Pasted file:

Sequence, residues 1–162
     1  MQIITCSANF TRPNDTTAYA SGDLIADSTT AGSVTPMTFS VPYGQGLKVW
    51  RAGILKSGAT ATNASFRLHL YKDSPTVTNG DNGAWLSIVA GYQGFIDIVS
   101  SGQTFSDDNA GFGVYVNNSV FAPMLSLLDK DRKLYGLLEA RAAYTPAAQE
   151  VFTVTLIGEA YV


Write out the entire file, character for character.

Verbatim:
Sequence, residues 1–162
     1  MQIITCSANF TRPNDTTAYA SGDLIADSTT AGSVTPMTFS VPYGQGLKVW
    51  RAGILKSGAT ATNASFRLHL YKDSPTVTNG DNGAWLSIVA GYQGFIDIVS
   101  SGQTFSDDNA GFGVYVNNSV FAPMLSLLDK DRKLYGLLEA RAAYTPAAQE
   151  VFTVTLIGEA YV